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Secularism Before Democracy
by david   January 30, 2006

secularism before democracy It's true, to an extent, what the neocons say: democracy breeds liberty, which breeds an environment under which societies can begin, if they choose, to treat their ills -- poverty, racism, exploitation of the weak by the powerful on all levels. Not every society chooses to do these things, and sometimes societies change their minds mid-stream (welcome to modern America), but history has shown us that true long-term positive social change is best achieved through democracy.

The problem with the neocons' plan to spread democracy in the world, by economic pressure, political pressure and, if need be, by force of arms, is that not every nation, not every people, is ready for true democracy. Every human being deserves to be free from totalitarian rule, deserves democracy. But not every society is ready for it. This is especially true in parts of the world where public and private lives are defined by strict, fundamentalist religion, or are dominated by conflict between two or more of these religions. Institutionalized fundamentalist religion is, in a very real way, an enemy of democracy. Institutionalized fundamentalist religion, whether Islam, Christianity, Judaism, or any other such animal, robs free people of choice, and places the power to make honest, informed life decisions in the hands of unelected clergy.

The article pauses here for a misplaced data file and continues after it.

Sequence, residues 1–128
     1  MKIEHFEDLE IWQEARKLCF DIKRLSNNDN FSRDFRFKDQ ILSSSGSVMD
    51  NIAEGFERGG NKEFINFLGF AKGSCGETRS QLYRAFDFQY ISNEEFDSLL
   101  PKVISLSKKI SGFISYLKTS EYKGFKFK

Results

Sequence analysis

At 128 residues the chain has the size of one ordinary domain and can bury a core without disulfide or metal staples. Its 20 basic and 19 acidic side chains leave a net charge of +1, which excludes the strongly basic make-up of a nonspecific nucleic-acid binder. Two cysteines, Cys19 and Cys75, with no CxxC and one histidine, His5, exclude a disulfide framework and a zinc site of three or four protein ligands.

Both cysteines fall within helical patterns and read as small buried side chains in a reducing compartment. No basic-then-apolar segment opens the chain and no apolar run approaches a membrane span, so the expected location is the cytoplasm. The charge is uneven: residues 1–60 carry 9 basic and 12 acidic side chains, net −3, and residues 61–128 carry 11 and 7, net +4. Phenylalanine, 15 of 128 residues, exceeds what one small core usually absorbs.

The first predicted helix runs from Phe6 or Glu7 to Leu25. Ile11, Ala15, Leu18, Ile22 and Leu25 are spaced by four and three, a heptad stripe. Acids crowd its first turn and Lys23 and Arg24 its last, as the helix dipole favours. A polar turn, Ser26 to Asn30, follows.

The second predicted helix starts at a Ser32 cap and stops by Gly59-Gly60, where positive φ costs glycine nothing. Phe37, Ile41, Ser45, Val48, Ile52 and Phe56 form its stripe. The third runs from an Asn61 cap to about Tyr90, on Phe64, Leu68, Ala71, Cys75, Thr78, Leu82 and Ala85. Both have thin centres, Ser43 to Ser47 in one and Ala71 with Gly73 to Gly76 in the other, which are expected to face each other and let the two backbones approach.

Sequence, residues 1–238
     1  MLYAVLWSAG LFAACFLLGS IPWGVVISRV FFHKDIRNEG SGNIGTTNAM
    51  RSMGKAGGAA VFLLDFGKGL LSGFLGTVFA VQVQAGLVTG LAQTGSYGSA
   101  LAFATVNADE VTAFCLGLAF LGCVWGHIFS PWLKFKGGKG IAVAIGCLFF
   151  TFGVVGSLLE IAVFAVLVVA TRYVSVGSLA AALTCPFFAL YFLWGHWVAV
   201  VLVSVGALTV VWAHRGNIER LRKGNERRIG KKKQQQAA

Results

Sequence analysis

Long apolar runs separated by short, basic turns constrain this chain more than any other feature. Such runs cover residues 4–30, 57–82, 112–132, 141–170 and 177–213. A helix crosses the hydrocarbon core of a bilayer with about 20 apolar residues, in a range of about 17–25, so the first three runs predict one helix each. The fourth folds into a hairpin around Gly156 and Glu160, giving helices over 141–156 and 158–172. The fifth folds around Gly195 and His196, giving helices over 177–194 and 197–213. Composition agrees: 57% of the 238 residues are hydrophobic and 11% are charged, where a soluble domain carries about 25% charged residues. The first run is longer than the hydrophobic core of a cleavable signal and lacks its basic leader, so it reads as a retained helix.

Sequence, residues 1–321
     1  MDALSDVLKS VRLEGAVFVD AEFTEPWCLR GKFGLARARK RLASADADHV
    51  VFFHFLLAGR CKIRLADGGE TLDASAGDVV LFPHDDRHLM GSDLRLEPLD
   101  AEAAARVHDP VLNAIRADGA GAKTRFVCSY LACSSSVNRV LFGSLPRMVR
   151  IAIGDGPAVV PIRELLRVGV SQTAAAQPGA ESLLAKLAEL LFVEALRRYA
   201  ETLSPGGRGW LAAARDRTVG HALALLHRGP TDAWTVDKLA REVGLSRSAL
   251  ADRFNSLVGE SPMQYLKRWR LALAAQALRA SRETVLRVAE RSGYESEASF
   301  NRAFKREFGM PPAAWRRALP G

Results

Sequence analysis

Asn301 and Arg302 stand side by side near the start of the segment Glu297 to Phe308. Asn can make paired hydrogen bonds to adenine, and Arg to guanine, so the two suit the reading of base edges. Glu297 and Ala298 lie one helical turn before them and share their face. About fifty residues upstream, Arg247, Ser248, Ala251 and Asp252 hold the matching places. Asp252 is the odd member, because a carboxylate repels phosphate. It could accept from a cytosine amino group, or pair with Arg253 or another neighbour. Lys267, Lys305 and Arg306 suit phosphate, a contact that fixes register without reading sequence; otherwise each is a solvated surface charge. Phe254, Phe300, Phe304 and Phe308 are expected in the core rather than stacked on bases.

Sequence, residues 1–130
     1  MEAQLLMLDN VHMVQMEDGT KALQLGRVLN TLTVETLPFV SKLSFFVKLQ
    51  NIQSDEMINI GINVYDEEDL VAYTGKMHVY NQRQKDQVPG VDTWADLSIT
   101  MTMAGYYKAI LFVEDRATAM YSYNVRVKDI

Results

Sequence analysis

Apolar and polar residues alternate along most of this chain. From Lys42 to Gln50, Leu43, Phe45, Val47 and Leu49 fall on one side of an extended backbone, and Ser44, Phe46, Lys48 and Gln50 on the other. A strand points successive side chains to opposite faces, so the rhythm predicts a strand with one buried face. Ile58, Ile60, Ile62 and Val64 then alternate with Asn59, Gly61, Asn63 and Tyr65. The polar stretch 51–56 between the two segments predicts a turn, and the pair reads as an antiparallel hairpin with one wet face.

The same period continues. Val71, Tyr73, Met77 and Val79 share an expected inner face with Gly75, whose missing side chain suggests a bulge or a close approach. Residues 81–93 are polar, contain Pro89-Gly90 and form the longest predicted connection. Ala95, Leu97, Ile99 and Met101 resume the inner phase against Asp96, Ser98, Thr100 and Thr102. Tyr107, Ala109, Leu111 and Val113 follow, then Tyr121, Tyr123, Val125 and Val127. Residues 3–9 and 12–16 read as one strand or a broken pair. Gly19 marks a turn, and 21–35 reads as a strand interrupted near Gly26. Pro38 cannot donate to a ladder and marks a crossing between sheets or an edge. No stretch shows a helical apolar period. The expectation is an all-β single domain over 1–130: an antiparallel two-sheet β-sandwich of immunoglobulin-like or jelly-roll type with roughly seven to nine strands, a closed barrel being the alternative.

What we've done in Iraq, despite what proponents of the war will say about the recent elections, has set back real democracy there 50 years or more. By enshrining religious law in the constitution and electing religious leaders to head the government and playing the politics of religious identity, the Iraqi population, with our eager help, has destroyed real democracy in that region, at least for now.

In real democracy, the laws of society can be challenged and voted upon by that society -- in that way, they are continually shaped and reshaped as society grows and changes. In the case of the United States of America, even our constitution can be changed (though it is, rightly, a difficult process). When religion is enshrined as law, a population loses the democratic ability to challenge that law -- fundamentalist religious doctrine states that man cannot challenge or redefine laws created by God. Further, depending upon the religion in question, even interpreting the laws of God is the special province of religious scholars and clergy. By enshrining religious law, political authority of a very high level is automatically bestowed upon these unelected clergy, and the ability of a free people to choose its society's rules is superseded by fatwah or canon law, or the declared rules of whatever religion is in question.

So, what you end up with is a society where fundamental law is dictated by men (prophets, apostles, etc., writing as proxies for one god or another) who lived hundreds of years ago, and that law cannot be changed or even re-interpreted except by unelected religious leaders. How can democracy exist in such an environment, when the population can only vote on those items not covered by their religious laws, especially when their voting is further determined by the dictates, urging or other unofficial rule-making of their religious leaders? Even if a majority of a population is of a particular religion, and chooses, democratically, to officially enshrine that religion, democracy is lost -- the majority loses its democratic power as soon as it places religious leaders above their own democratic powers. And the minority, who may be of a different religion and believes in a different set of laws, loses its voice entirely.